Of course such a rating always depends on what is important in a certain context, but it shows that Silveright is definitely one of the leading technologies in the RIA space. Beside many other aspects the toolset is very important, as it helps to boost developer productivity.

I can only confirm that. We are currently using Silverlight in an Scrum project applying an incremental design and agile specification approach. Silverlight is ideal in this context as the toolset supports all phases from sketch, specification, design, development and test in a flexible manner. Business analysts, designers, developers and testers are able to work closely together using the same toolset.

Silverlight in NoMicrosoft Environments

According to the term NoSQL (not only SQL), NoMicrosoft or NoMS stands for heterogeneous environments in which Microsoft technology is not the dominant platform. For instance many companies use JEE and Unix-based backends and Windows desktops to run their line of business applications.

For those wondering whether Silveright makes sense in those environments, I recommend looking at eBay. A while ago they created the eBay Simple Lister App which can be installed from eBay Garden. This app combines great user experience with a web based deployment model. It is based on Silverlight and integrates with existing Java-based eBay services via JSON/POX and REST. It makes use of unique Silverlight features such as WebCam and notification windows just to name a few.

Another good example is Facedeck, a Silverlight frontend for Facebook. If you don’t wan’t to install it, you can watch a video on YouTube.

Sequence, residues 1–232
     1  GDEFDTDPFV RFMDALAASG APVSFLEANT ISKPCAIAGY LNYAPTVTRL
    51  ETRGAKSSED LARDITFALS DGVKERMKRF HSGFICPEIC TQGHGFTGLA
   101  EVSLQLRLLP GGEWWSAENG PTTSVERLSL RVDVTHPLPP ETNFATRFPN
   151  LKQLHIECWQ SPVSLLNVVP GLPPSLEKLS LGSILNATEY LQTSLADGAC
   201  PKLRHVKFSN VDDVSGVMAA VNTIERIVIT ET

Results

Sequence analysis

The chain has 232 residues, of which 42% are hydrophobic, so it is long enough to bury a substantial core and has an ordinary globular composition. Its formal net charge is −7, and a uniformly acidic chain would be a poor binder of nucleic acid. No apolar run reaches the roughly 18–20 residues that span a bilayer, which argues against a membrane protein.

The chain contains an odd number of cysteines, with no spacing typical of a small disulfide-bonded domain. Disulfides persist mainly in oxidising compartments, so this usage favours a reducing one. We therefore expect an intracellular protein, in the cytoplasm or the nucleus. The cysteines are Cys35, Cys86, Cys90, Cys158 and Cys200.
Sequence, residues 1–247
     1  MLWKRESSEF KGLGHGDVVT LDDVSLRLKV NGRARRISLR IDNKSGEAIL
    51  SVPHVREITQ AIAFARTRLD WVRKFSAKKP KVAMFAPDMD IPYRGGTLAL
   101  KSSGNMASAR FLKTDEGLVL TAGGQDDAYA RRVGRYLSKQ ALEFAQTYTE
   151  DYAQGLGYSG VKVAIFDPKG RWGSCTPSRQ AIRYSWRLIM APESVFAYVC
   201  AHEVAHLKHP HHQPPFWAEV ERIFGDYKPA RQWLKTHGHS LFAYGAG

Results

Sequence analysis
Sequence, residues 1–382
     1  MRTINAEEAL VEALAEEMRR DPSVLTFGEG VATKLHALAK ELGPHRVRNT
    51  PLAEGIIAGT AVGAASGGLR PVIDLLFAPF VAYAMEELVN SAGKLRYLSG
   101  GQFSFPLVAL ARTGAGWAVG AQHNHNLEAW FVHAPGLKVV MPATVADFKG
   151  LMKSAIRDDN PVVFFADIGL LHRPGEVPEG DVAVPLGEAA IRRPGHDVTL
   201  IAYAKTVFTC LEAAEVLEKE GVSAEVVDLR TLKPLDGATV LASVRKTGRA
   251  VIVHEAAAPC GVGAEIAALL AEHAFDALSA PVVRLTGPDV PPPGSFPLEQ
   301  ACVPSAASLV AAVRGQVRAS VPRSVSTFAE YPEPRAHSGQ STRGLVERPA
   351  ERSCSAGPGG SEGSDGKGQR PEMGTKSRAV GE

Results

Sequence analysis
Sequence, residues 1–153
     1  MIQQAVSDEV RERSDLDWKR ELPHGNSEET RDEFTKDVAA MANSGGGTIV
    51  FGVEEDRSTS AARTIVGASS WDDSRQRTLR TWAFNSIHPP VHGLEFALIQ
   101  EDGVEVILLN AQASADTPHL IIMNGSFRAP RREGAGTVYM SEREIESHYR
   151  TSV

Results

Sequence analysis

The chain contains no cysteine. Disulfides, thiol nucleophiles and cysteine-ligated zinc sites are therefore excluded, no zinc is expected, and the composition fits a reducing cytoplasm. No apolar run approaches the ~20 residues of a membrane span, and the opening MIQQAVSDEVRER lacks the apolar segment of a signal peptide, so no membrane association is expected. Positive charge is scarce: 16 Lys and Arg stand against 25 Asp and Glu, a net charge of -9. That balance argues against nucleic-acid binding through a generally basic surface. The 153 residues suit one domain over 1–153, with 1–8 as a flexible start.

From what I see, developers and decision makers start realizing that by using Silverlight they can create compelling user interfaces and achieve great developer productivity especially for line of business applications. Due to its standards support and interoperability features Silverlight is not limited to .NET-backends but well suited for all kinds of backends including Java/JEE.

Some features especially useful in NoMicrosoft environments are:

  • Standards based interoperability via SOAP, REST, JSON, ATOM, POX, OData, XML Schema
  • MSBuild can be fully integrated with Maven and Hudson
  • Silverlight apps can be hosted on any webserver including Tomcat and Jetty
  • Free development tools (Visual Studio Express)
  • Free automated unit testing (Silverlight Toolkit and NUnit)
  • Automated UI testing using WebAii or HP Quicktest
  • No licence cost

If you are interested to see all those feature in action please drop me a note.

Create Silverlight Apps with Notepad

Did you know that you can write simple Silverlight applications using just a text editor without using an IDE or compiler?
Although it is recommended to use silverlight.js to start your silverlight application in a robust way, you don’t even need that. Just create a html file with a text editor of your choice and embed the XAML code.

The absolute minimum is this:



	       
	    

This is a plain html file. The Silverlight plugin is hosted using the object tag. The XAML content is not stored in a xap file, but in a local script of type text/xaml. Inside this script block any XAML can be placed.
The script can also use embedded storyboards to automatically triggers animations.
A more complex example which creates a rotating rectangle with text and a logo is shown here:





	       
	    

The script comprises of the visual elements Border, Grid, TextBlock and Image and four Storyboards which control the animation.
Inline XAML can be used to create nice looking splashscreens or single file demos.
Try it. Just copy the file above to a html file and open it. Provided that you have the Silverlight plugin installed you can see the animation.

Screenshots:

Live demo

If you want to let Silverlight interact with Javacript, just add another script block at the top of the page:


In order to call it, add the event handler to the Grid in XAML like this:

<Grid x:Name="Frame" Background="SteelBlue" Cursor="Hand" MouseLeftButtonDown="nav"> 
...

That’s it!